Then, the fees can vary depending on different criteria such as:

    • - The hierarchical positioning of the mission: Head office, Executive committee and others,

    • - The legal, social or financial responsibilities: with or without mandate, staff, turnover or other financial criteria appropriated,

    • - The complexity of the mission: social context, financial situation, internal conflicts…

    • - Localisation of the mission,

    • - The rarity of the required skills,

    • - The duration of the mission,

    • - The rapidity of the beginning of the mission.

    Interim Management‟s missions are often more expensive than an basic Executive Interim

    mission because the emergency and the critical situation experienced by companies do not

    allow a mission‟s failure (Dumoulin, 2008).

    4.4.5 Research of missions

    The network is the first way (49%) used by managers to find missions. Then the Interim Managers Services Providers (37%) who are, historically, the most important way to bring missions. Then come, and far behind, the Interim agencies, the umbrella companies and the associations of managers who are either generalist or specialized (Finance, Human

    ressources

    ...

    )

    (Carpentier, 2009).

    How do you find your future missions ?

    49%

    2% 4% 1% 7%
    2%
    4%
    1%
    7%

    37%

    association Interim Management Other Umbrella company Services Providers Interim Manager Interim Agency Network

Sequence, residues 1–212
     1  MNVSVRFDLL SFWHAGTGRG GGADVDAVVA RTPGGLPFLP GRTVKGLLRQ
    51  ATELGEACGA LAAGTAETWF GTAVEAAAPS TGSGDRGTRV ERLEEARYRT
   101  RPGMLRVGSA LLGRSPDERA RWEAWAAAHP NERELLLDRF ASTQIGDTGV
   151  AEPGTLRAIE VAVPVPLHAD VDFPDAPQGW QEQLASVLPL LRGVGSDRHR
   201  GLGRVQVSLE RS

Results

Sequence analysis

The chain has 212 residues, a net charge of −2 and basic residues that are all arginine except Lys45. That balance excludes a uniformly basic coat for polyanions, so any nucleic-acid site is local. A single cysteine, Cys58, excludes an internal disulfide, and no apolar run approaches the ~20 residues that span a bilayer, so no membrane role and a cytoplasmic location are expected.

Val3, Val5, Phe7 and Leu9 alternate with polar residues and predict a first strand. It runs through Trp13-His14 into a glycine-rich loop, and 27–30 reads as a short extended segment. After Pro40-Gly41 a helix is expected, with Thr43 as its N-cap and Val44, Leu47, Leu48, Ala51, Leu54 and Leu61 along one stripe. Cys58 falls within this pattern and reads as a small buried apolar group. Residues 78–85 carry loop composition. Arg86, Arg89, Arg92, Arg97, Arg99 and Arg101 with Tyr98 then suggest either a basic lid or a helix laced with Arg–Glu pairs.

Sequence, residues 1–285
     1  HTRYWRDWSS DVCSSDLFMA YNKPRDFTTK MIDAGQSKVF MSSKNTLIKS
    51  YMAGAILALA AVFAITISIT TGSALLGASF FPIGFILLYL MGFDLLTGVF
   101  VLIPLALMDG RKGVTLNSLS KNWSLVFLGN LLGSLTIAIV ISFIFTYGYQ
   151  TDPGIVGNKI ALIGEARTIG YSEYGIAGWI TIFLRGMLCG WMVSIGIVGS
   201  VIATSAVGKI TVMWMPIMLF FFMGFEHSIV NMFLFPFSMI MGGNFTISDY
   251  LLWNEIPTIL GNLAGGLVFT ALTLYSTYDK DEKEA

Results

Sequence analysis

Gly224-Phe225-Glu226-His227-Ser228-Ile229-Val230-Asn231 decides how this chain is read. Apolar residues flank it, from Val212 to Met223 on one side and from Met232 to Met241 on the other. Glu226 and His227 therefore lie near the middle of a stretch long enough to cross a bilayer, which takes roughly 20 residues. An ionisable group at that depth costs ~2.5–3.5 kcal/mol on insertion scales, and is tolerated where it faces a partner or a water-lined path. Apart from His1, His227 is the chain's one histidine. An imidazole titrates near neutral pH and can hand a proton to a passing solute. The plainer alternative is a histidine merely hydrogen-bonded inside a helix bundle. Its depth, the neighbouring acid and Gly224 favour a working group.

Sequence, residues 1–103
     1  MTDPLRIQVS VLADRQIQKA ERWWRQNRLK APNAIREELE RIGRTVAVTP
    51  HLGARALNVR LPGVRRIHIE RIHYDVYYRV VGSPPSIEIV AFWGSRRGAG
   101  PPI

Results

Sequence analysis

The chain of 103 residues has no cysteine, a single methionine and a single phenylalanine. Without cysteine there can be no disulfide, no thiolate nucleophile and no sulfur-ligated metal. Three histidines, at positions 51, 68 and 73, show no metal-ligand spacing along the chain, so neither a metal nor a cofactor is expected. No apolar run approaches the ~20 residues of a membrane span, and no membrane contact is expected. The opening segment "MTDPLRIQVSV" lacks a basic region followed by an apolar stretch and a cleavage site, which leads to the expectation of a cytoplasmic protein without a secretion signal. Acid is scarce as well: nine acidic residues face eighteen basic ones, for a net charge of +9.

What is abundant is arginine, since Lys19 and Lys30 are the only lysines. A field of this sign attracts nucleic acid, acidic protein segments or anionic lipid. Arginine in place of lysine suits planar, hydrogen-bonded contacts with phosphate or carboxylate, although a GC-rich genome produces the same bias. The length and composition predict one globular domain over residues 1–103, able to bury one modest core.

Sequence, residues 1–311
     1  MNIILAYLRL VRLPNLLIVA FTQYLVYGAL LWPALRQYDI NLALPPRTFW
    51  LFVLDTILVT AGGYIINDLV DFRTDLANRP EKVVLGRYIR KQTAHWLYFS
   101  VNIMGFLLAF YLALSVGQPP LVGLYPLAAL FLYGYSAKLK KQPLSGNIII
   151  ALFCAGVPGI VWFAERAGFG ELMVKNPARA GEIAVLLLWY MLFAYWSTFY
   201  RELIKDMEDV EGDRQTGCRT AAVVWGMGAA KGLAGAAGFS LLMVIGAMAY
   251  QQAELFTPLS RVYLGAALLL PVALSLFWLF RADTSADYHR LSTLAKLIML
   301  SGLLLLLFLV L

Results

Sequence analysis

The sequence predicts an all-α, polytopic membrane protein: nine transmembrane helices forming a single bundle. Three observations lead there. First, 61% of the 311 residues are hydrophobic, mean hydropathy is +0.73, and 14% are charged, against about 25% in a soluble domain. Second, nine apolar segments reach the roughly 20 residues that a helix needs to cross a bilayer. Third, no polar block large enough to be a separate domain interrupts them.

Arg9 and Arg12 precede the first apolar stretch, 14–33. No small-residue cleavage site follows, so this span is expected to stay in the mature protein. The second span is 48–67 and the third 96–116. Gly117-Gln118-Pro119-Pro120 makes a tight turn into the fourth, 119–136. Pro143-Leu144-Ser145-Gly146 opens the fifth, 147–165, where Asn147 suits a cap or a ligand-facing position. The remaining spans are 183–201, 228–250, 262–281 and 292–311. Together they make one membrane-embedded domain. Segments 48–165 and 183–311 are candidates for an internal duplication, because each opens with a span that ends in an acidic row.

association
    Interim Management
    Other
    Umbrella company
    Services Providers
    Interim Manager
    Interim Agency
    Network

    Lemanagementdetransition.com, Carpentier, 2009

    4.5 Steps / Phases / Mission development

    Depending on the Interim Managers Services Providers, the numbers of steps for the ongoing process of an entire mission can vary between three and six steps. The one described below regroups all the necessary steps to ensure the client receives a good provision of a service (Coudray, 2007).

    • - Specify the need of the client

    During this first step, the Interim Managers Services Provider and the client analyse both the situation of the company and the context of the mission in order to both specify the contents and the goals and determine the skills and competences needed to succeed. Then, the agency brings to the client its expertise and advice to formulate the context of the mission well.

    Finally, the client receives a proposal letter which describes the nature of the mission, the tasks, the responsabilities, the profile and the goals of the Interim Manager as well as a projected financial bill for the mission.

    • - Selection of the candidate

    Based on the proposal letter, the Interim Manager Services Provider identifies and selects all the potentials candidates in a few days. To be selected, a candidate must be immediately available, operational and must possess a recognised and confirmed experience in relation with the mission given (Templier, 2010).

    • - Introduce candidates and determine the final Manager

    Once the managers have been selected, they are introduced to the client (no more than two to three managers). It is the responsibility of the agency to ensure the integrity and the professionalism of the Managers introduced. For each candidate, a file is built on his skills and references and in relation with the mission. Thanks to this file and one interview with each candidate, the client finalises his choice. The whole process to the manager starting in the company has been done in almost two weeks while for a normal recruitment, two weeks will be just enough to write the function‟s description (Calbry, 2008).